A new oral vaccine bait can help protect prairie dogs against sylvatic plague and possibly assist in the recovery of black-footed ferrets, one of the most endangered mammals in North America.
| ||Sylvatic plague is devastating to prairie dogs and the endangered black-footed ferret, a prairie dog–dependent species. (Courtesy of the U.S. Fish and Wildlife Service)
Sylvatic plague, a bacterial disease caused by Yersinia pestis, affects numerous wild and domestic animal species as well as humans. Developed specifically for prairie dogs by scientists at the U.S. Geological Survey's National Wildlife Health Center and the University of Wisconsin-Madison, the peanut butter–flavored vaccine elicits a protective immune response that can help vaccinated prairie dogs fight off infection after later exposure to the disease.
"Plague is devastating to prairie dogs, a keystone species of grassland ecosystems," said Tonie Rocke, PhD, a USGS scientist and the project lead. "Our goal in developing an oral plague vaccine is to provide another tool for land managers to reduce the effects of plague outbreaks on prairie dog colonies. This reduction could have positive impacts on conservation of the threatened Utah prairie dog and survival of the endangered black-footed ferret, a prairie dog–dependent species."
The current method for controlling plague consists of dusting prairie dog colonies with insecticide to kill fleas that transmit the pathogen. Although effective in controlling the spread of plague, dusting is labor-intensive, and some flea species may develop resistance to the pesticide.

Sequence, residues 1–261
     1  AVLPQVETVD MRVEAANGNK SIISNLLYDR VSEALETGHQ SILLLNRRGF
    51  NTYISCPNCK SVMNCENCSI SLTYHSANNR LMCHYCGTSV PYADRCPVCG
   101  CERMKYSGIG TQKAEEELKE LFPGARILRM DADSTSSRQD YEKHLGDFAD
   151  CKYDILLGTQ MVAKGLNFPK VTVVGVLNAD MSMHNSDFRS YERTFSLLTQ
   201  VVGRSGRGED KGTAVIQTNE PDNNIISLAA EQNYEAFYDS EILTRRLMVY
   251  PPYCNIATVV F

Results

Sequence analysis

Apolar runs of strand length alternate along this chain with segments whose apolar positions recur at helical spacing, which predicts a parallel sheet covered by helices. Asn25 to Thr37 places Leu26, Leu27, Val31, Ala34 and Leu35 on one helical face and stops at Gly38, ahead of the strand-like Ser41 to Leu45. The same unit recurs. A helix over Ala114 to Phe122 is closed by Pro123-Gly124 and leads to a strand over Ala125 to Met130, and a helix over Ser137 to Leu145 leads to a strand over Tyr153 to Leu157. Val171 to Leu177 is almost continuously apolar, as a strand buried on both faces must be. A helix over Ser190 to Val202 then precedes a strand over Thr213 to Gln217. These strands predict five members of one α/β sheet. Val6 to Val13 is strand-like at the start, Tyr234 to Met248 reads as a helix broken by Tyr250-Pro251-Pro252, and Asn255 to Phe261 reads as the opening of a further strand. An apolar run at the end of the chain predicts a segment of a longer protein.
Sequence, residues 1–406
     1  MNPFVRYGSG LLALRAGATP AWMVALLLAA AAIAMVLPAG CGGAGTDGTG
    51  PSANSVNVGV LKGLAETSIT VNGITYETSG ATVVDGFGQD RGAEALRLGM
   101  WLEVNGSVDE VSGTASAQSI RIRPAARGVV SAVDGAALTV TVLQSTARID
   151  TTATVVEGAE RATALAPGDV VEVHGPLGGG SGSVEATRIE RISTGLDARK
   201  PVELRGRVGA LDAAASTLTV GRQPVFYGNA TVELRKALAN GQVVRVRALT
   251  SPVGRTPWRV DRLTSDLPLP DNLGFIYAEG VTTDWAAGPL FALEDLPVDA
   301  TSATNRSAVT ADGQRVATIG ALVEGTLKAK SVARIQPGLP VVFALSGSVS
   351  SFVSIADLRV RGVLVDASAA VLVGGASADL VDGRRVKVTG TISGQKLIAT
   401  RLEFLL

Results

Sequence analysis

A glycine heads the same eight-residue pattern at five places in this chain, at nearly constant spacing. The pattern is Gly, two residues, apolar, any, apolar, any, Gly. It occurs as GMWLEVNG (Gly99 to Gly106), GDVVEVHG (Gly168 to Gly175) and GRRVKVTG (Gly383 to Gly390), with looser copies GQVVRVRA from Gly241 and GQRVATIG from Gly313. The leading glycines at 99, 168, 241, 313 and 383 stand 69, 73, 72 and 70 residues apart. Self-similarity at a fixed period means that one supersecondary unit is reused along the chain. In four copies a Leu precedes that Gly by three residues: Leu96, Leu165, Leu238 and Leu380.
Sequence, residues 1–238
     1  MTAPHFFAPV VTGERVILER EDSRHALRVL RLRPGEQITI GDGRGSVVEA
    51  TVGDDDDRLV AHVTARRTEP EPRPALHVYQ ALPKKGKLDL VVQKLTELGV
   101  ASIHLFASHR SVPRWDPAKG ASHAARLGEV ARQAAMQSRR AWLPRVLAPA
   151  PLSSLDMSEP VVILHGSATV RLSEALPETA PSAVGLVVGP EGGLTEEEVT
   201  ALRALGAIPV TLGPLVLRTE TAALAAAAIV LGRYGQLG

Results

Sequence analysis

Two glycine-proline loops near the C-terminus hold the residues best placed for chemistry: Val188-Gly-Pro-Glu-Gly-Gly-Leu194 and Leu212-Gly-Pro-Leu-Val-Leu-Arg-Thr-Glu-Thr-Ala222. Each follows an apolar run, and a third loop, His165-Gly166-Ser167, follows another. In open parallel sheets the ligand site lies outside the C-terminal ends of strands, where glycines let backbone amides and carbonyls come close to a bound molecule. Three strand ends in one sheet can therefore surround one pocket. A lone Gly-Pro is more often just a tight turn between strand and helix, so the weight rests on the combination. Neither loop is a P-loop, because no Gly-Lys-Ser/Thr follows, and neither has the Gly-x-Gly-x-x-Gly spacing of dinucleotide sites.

Between 2013 and 2015, a consortium of 14 federal, state, tribal, and nongovernmental agencies worked together to field-test the plague vaccine in all four prairie dog species present across Arizona, Colorado, Montana, South Dakota, Texas, Utah, and Wyoming. The agencies' findings, published as a USGS study in the journal EcoHealth this past June (http://jav.ma/Plague_1), showed prairie dog survival rates were higher on vaccine-treated plots during plague outbreaks than on plots that received placebo baits, suggesting that consumption of vaccine baits provided protection for prairie dogs.
Researchers anticipate that application of vaccine baits to larger prairie dog complexes on an annual basis will enhance protection against plague.
Colorado Parks and Wildlife conducted the initial field trials that demonstrated vaccine-laden baits could be used safely with no adverse effects for nontarget species, such as small mammals, and has been instrumental in furthering large-scale vaccine and bait production for use by wildlife managers. In a companion paper (http://jav.ma/plague_2) also published in EcoHealth, CPW demonstrated that treating prairie dog colonies annually with a flea-control dust or the oral vaccine can prevent population collapse resulting from plague.
"Wildlife managers have struggled to recover ferrets and manage prairie dog colonies due to the devastating effects of plague," said Dan Tripp, a CPW scientist and a co-author of the USGS study. "It is our hope that use of the sylvatic plague vaccine in select areas, with the support of willing landowners, will help to limit the impact of plague to wildlife."